“One man's trash is another man's treasure.” 2015-04-23
“One man's trash is another man's treasure.”
Among the many features that made Taiwan be one of the greatest countries to live at is the clothing shopping paradise. The night markets are packed with stores that offer cheap fashion and even when that amazing blouse you bought lasted only  three washes, for the price you paid it is an easily replaceable item. However, most of the time some of those garments, on mint condition,  will remain sitting on a corner of your closet, forever forgotten until it is time to clean and take them out, followed by a list of excuses you make to keep them in there but deep inside you know it will never see the light again.
 
To dispose of this bag of the now unwanted clothing can be a burden, but Taiwan brings you a set of options to have someone in need to use them. Below is the list of the main clothing recycling initiatives, a list that keeps growing and innovating thanks to the effort of some conscious citizens.
 
1. Green public recycling boxes
Those large green containers you keep encountering while you stroll around the residential areas of the city are not an odd landscape decor, but they are the boxes of the goodwill program to help organizations who work with physically challenged persons to collect clothing that they will later sort out and re-sell the clothes. The government makes and allocate these containers among the organizations that apply for them at the city’s Social Affairs bureau.  
 
On these boxes you can put any clothing item, including bed linen, curtains, top and bottom garments and also shoes for all ages and gender. A necessary requirement for the items you put in the box is that they should be in a good condition and there is no limit for the amount of items you can put inside, so it is a common situation to have the boxes flooding with clothes and some extra bags and boxes placed next to the container. The collecting truck will come at least once a week to empty the green boxes and the other items laying next to it.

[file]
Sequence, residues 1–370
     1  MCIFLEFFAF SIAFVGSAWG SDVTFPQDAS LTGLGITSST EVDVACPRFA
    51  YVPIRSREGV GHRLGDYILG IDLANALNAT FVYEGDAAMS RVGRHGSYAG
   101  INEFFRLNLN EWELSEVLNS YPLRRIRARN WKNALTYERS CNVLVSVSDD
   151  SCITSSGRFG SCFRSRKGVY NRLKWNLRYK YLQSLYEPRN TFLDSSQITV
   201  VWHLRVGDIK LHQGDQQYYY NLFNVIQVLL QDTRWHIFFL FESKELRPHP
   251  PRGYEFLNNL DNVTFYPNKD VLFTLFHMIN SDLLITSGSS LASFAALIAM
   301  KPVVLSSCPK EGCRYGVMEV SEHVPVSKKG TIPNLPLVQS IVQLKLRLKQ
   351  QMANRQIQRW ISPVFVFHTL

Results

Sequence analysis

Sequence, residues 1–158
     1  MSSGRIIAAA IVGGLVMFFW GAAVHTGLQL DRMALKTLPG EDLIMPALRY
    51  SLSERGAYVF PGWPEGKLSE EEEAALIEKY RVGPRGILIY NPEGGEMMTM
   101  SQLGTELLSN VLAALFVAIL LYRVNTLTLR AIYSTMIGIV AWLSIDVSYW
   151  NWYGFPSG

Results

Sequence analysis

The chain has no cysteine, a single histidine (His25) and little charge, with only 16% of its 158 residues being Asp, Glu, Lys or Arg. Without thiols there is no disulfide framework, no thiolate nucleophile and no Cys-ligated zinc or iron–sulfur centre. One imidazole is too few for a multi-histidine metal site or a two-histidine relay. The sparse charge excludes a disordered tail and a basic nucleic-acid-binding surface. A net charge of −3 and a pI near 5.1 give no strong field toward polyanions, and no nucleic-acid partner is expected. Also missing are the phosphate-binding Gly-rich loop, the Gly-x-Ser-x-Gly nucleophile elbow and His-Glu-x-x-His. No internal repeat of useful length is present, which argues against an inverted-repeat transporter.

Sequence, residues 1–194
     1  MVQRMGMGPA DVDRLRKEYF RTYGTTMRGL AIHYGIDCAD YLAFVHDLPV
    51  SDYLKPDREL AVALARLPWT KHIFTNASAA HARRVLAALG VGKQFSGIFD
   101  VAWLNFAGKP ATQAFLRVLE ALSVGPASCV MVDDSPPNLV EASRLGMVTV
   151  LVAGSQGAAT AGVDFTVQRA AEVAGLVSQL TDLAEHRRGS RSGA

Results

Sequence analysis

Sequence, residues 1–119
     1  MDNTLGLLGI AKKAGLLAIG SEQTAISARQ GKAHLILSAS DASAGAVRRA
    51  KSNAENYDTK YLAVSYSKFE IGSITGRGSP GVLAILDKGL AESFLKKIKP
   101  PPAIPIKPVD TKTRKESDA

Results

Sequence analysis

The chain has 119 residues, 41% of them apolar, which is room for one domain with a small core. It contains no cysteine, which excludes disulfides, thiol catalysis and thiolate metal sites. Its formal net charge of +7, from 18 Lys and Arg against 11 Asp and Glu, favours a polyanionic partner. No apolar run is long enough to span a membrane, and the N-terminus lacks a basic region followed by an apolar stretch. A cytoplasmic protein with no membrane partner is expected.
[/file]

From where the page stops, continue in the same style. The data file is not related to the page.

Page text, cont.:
Convenient and easy, the green public recycling boxes are the best alternative to offer a helping hand and do it on a more frequent basis. Besides, someone else will appreciate your great dress style.
 
 
2. Free markets
The overconsumption on the modern societies is an on-going issue which has an impact that spreads to many areas. To reduce this impact, various countries started to use a new way of trading commodities, introducing to us the concept of the free market. On these markets, you take items in good condition that you own but don’t want to anymore, display them for the public to see, and anyone attending can take them back home. On a similar way, you also stroll around the other “vendors” of the market and pick the available items that you like the most.
 
Like a treasure hunting adventure, there are endless possibilities of the things you can find in there. Vintage photographs, your new favorite purse, a collage poster with an spaghetti-head man and what not. A participant of the market can discover who may have a similar odd taste, and also can get to strike a conversation with others, in regards of their goodies. Who could think helping the planet by reusing and sharing will be this much fun?
 
There are many free market events happening around Taipei, and they are usually hosted at the parks of the city. From my experience, I can recommend you to gather stuff with some friends and spend a nice afternoon chatting with them and others at the park. The events are done mostly once a month, and some of them offer information in English. Perhaps the largest event, the Taipei’s Really Really Free Market, is organized by a foreigner, Ellery Hamman. You can join their Facebook group and follow the updates on their events.
 
 
3. Direct donations to various religious organizations
If you would like to make a direct donation to those in most need or have a religious motivation behind your goodwill, our suggestion is to take those donated items to the various religious organizations. Most of the Catholic churches, for example, will gather the items for disaster relief. Another good option is the Tzu Chi Buddhist organization, which has many branches around the island. You can visit their website to find the nearest office.
 
Whether if you feel benevolent or you just want to get more free room to put more clothes, these three options are the best for you and others. Your hand owns will be well-received by a person in need. Just remember to give out only the good condition clothing pieces. Don’t hesitate it and better start cleaning up those closets.